3. Pingback: S’Amusing |
    1. Gingerbread has the greatest aroma. And, my goodness, since it’s only the two of us here, guess who gets very, very spoiled. Gee, I think I’ll have some gingerbread right now…or pumpkin walnut bread…or, or…so many choices. (Thanks for the note)


    1. Can I? The aroma tapped danced across my olfactory nerve straight to me sleeping brain causing me to wake, throw off the covers, leap from the bed and dash to the kitchen….just y make sure our Jake the Dog wasn’t ‘shop lifting’ again. He recently ate an entire loaf of cinn-raisin bread we inadvertently left on the counter. Now, I refer to it as the $700 loaf. (Thanks for the nice reply…)

      Liked by 1 person

  4. Steve,
    Your description of winter and the aroma of baking got a Pavlovian response from me. While I was reading, I was drinking my morning coffee with some roasted Almonds (my usual routine). Coffee tasted ok but all of a sudden the almonds got overhelmed by the mental feast of baked ‘menagerie’ in the kitchen. I had to get up and warm up a cookie.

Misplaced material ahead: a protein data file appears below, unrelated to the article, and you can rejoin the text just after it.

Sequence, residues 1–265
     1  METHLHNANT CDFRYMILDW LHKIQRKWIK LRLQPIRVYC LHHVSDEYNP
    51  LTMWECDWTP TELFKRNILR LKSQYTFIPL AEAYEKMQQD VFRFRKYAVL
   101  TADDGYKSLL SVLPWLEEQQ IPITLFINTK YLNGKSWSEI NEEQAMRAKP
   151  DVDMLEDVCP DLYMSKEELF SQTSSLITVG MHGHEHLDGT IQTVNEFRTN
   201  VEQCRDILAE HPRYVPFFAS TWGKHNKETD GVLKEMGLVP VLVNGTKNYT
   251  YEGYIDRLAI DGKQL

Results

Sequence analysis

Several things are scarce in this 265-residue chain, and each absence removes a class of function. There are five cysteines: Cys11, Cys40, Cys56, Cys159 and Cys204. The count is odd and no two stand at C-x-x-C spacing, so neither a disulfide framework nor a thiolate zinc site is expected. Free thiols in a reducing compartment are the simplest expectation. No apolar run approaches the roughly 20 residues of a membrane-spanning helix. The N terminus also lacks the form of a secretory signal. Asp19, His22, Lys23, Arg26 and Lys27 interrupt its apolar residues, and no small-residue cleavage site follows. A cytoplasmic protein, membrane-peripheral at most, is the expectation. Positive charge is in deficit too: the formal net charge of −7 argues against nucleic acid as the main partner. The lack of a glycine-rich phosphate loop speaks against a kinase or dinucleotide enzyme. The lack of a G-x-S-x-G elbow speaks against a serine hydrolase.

And then the engineering flight: what if this rich, warm and enticing aroma could be collected in little capsules and be used as a dietry supplement without the worry of weight gain. Do you think it will sell? You are the expert!
    Thanks for tikling some dorment neurons. Dursh

    Liked by 1 person

  5. Wish I lived nearer – I would be popping in for some if thst gingerbread ! I can smell it from here !
    A lovely piece of writing , too Steve !
    Well done !

    Liked by 1 person

  6. I need to bake this week! Your beautifully written post reminds us of the all-important little things, especially over the holidays. Thank you for stopping to smell the roses…er, I mean the gingerbread.